My friends continue to ask me how I like moving from Arenzville to the metropolis of Jacksonville and I always say that it depends upon what day you ask me that question. If you ask me some night when I’m hungry then I’ll say that the move 14 miles closer to the Burger Board has proven to be a good one. Ask me the same question when I’m trying to pull out onto Walnut Street at five minutes until 8 a.m. and you’ll get a different answer.
Pulling up to an intersection in Arenzville and meeting another car is a real treat in that it only happens once or twice a week. In the first place, if you meet someone at a four-way stop in Arenzville chances are very good that you know them, chances are so-so that they attend your church, and there’s a decent chance that they’re your cousin or aunt. In fact, odds are you not only know where they’re coming from, but if you look to see which turn signal they have flashing, you can make a good guess at where they’re going and how long it’s been since the last time they went there. Gatherings of any sort in Arenzville … town council meetings, church services, burgoos … often resemble a family reunion. True, there are a few “outsiders” like me who’ve only been in town for 30 years, but I’ve been happily adopted into many families. I like that. I’ve found that you can wander into about any family reunion there, grab a plastic plate, and the folks will assume you’re some long lost cousin.
Such occurrences just don’t take place as often in Jacksonville. There are a few stoplights like the intersection of Morton and Route 67 at Buchheit where if you’re coming from the north you have to wait long enough to get out of your car and get to know the folks behind you, and if you make good use of your time you can get engaged and consummate the marriage, but you’ll need to hop back in your vehicle quickly since the south-bound green light only allows you three seconds to get onto Morton. If you want to carry on the relationship, then drive down to Walnut and simply try to cross a single lane of traffic. Some people have been known to raise entire families while waiting.
But ah, the joy of being close to a bit of commerce. People in Arenzville have to plan two days ahead of time if they’re hungry and don’t feel like convenience store pizza. When the local gas station offers a new flavor of coffee, then it becomes an event likened to the Second Coming. Word spreads around town like wildfire when a new sandwich appears in the hotbox. Living in Jacksonville I can get hungry at 6 p.m., decide what I want to eat at 6:04, and have the sandwich in my hand by 6:15. I’m a bit too old to be falling in love, but it was like Valentine’s Day when I discovered that Arby’s served a brisket sandwich. When the little gal at the pickup window wondered why I was so ecstatic over a simple sandwich, I told her that I was from Arenzville.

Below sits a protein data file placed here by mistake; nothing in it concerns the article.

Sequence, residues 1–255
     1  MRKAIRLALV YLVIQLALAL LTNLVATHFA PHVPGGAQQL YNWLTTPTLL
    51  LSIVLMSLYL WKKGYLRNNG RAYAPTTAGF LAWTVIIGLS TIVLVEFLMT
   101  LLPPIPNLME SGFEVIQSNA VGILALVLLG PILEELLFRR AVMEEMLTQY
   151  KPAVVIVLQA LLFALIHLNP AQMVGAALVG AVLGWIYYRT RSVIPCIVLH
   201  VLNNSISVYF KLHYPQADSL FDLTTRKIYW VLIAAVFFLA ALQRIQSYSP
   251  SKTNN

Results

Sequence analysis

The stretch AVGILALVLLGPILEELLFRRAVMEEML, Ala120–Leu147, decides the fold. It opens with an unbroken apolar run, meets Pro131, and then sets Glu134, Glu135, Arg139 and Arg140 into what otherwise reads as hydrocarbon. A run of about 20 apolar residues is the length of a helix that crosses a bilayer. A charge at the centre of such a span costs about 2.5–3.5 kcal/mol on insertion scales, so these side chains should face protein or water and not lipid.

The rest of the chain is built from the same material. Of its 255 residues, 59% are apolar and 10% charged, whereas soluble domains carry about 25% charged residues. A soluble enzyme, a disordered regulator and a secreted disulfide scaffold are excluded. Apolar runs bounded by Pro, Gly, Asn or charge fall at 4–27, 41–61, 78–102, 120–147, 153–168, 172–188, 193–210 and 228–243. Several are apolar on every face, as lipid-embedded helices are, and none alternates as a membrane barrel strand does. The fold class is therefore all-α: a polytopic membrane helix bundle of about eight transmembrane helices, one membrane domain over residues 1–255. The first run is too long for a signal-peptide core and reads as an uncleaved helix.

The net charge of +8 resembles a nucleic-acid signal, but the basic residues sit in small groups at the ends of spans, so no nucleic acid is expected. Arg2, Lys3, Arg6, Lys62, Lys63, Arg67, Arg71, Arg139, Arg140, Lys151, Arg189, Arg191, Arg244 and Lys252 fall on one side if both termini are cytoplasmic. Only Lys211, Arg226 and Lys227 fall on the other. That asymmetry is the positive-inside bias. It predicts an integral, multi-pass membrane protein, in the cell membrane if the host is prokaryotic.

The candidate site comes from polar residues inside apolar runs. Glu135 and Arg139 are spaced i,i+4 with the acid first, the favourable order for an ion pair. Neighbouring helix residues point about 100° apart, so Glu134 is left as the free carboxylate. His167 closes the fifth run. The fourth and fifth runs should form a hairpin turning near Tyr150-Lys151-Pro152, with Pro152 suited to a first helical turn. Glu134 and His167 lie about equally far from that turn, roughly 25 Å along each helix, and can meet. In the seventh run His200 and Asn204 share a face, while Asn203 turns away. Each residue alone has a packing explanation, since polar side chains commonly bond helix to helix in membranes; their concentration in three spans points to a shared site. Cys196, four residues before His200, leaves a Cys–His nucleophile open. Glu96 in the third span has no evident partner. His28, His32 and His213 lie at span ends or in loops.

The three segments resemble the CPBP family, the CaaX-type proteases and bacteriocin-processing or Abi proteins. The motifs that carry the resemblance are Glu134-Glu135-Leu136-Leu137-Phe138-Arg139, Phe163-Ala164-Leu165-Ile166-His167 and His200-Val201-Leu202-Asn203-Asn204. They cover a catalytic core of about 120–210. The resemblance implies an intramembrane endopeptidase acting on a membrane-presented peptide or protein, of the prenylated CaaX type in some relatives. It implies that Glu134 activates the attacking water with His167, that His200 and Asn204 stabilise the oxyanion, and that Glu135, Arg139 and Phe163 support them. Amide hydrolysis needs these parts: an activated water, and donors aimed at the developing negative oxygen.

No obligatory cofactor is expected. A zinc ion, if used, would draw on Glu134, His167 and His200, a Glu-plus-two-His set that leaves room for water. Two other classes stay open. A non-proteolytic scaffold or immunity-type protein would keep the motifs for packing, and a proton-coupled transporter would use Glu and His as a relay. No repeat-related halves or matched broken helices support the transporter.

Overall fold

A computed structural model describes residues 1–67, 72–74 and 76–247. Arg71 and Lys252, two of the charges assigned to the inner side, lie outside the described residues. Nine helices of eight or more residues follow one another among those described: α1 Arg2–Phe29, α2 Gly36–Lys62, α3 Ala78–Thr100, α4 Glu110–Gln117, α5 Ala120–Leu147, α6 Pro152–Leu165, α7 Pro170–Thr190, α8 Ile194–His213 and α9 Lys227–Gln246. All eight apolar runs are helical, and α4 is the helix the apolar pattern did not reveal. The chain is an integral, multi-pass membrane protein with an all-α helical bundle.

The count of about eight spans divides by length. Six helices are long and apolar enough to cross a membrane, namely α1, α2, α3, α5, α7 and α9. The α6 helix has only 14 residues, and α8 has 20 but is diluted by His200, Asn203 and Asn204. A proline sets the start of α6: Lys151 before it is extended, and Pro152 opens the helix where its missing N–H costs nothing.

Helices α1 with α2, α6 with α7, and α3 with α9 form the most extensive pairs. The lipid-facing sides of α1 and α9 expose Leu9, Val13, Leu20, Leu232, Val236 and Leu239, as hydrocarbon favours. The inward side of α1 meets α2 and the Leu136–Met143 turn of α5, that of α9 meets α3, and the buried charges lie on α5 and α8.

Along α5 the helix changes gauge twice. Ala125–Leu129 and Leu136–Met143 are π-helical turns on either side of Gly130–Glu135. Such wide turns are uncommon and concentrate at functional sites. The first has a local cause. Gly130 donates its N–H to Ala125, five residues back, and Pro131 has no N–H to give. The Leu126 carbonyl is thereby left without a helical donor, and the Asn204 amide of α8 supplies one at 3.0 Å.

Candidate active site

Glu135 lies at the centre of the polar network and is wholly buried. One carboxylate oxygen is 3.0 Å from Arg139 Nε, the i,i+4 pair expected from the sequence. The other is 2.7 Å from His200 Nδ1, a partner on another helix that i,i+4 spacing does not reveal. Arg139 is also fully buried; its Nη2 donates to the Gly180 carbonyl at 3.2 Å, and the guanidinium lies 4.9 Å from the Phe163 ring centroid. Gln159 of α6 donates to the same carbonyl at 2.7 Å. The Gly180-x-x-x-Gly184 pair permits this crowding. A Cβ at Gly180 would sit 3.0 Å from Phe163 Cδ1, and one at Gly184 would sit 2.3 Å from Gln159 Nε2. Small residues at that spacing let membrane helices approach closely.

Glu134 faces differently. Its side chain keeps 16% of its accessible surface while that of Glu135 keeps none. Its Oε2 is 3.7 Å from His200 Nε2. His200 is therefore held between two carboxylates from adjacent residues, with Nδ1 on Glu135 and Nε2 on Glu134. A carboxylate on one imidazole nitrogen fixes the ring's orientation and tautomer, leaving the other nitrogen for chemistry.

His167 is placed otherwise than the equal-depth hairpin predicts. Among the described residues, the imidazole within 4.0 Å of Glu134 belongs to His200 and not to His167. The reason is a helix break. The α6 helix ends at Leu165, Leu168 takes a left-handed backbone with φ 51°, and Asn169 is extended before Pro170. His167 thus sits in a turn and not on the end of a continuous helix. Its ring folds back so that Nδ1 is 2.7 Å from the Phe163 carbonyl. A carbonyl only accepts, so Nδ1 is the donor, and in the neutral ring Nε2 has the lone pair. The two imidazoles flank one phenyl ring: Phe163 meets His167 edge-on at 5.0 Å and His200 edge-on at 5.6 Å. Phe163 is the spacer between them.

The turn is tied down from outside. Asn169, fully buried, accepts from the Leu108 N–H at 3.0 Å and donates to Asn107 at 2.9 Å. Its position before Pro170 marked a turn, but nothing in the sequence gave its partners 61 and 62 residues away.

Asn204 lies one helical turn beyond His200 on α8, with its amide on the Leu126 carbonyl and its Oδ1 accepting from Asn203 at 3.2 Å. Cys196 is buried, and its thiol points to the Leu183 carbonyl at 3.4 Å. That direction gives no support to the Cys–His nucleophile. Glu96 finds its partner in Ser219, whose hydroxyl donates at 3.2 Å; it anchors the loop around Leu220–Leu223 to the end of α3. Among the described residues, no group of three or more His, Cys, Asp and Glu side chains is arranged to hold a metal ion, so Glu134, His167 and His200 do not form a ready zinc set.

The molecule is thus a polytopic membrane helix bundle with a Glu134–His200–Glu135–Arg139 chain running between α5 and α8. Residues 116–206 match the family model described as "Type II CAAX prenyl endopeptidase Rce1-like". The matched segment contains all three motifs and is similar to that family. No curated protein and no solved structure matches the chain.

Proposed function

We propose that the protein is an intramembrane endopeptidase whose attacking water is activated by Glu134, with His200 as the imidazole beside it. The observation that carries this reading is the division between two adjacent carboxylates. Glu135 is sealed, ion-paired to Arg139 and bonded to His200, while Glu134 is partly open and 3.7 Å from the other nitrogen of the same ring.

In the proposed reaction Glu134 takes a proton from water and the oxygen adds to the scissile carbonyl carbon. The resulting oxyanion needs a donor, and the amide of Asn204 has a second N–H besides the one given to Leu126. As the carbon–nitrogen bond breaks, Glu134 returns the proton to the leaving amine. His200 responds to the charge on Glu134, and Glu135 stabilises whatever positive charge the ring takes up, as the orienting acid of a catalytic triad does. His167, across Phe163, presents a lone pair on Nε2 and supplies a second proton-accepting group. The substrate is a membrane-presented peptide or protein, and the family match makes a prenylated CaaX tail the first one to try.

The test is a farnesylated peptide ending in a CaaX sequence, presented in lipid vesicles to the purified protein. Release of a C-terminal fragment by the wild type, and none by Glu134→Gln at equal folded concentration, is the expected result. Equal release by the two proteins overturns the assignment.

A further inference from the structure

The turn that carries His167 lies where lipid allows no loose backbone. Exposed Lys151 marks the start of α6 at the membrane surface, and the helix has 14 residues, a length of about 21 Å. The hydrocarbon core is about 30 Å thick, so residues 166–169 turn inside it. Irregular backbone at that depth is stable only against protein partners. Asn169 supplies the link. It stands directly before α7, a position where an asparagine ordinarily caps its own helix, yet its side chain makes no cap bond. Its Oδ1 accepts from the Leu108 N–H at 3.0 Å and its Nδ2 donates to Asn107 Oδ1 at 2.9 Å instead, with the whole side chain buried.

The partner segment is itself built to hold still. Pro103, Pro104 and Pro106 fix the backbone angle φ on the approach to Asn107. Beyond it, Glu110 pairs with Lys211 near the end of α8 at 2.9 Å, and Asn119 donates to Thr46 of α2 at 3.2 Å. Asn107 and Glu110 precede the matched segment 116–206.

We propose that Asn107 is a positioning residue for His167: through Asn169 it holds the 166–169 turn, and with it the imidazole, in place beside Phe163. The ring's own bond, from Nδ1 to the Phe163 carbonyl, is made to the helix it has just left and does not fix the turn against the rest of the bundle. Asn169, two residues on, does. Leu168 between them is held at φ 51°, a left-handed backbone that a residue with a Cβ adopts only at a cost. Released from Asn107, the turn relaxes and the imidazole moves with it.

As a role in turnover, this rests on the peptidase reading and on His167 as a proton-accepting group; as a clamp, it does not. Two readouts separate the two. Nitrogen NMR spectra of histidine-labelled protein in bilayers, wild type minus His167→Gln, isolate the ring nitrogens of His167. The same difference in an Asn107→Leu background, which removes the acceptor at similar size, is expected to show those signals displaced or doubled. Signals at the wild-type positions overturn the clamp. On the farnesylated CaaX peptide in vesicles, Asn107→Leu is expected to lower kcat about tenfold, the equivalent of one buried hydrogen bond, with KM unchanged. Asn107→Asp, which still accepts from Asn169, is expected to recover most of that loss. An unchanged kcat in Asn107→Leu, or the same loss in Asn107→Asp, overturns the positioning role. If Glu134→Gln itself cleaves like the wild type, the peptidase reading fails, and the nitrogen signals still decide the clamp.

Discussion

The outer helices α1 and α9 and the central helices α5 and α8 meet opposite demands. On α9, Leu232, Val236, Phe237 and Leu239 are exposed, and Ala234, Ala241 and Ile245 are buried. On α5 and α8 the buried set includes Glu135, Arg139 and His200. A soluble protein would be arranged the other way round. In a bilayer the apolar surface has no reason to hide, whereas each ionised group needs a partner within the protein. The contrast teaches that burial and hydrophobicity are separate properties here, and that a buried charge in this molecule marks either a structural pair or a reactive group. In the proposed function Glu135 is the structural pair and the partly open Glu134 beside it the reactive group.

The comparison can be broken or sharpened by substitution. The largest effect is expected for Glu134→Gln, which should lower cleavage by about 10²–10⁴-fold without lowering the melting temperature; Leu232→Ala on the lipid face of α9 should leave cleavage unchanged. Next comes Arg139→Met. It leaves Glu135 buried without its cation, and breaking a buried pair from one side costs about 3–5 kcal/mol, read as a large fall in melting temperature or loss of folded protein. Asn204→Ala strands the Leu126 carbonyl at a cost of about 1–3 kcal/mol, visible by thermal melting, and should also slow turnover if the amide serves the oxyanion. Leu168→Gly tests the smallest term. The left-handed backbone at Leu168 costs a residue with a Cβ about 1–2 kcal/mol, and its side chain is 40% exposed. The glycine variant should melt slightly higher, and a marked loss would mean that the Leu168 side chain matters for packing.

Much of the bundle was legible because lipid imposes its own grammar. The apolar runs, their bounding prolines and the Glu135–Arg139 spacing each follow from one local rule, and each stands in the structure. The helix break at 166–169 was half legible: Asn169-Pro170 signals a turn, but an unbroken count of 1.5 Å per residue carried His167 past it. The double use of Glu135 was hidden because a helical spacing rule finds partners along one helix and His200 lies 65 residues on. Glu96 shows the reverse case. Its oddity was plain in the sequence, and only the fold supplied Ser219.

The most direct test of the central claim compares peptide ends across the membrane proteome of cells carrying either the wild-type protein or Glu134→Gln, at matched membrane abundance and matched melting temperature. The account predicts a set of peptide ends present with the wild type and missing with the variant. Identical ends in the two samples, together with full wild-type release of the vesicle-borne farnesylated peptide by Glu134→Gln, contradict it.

Of course the town of J’ville still holds a few puzzlements for me … like those cars taking up every parking spot on the square. Where are those people? Is Andy Mitchell holding secret poetry conventions in the basement of Our Town Books? Probably not or there’d be nothing but hybrid cars and bicycles parked on the square. Are all those floors of the Farmers Bank building filled with people peeking out the windows to make sure no one has a parking place? Is Schiraz restaurant secretly hiding hundreds of illegal baristas on their mysterious second floor? Perhaps Mulligan’s is hosting an SUV convention of wild Irishmen back in the kitchen. The proportion of businesses on the square to parking places is plumb wacky. In lieu of a better explanation, I’ll blame Mayor Andy Ezard. In Arenzville, I could never figure who the mayor was, but chances were very good that he held my bank loan so I didn’t complain. Besides, Andy’s a big boy and can shoulder the blame for about anything.
Certainly there are still things I miss about Arenzville. Things … like coyotes. Used to be I’d be sitting on my front porch of an evening chatting with my dad on the phone and he would ask me when I’d gotten a dog. “It’s not my dog, Dad. It’s the Arenzville coyotes.” But, of course, in Arenzville it may actually have been the neighbor’s dog and Fido might have been on the porch with me. Leash laws are sort of an idea in Cass County, not a reality. Jacksonville has its quotient of wandering kitties but the pups seem to stay where we put them.
So far the move has been a pleasant one and I’ve politely ignored the fact that three houses on my block have gone up for sale since I’ve moved to Jacksonville. Perhaps they all went to Arenzville.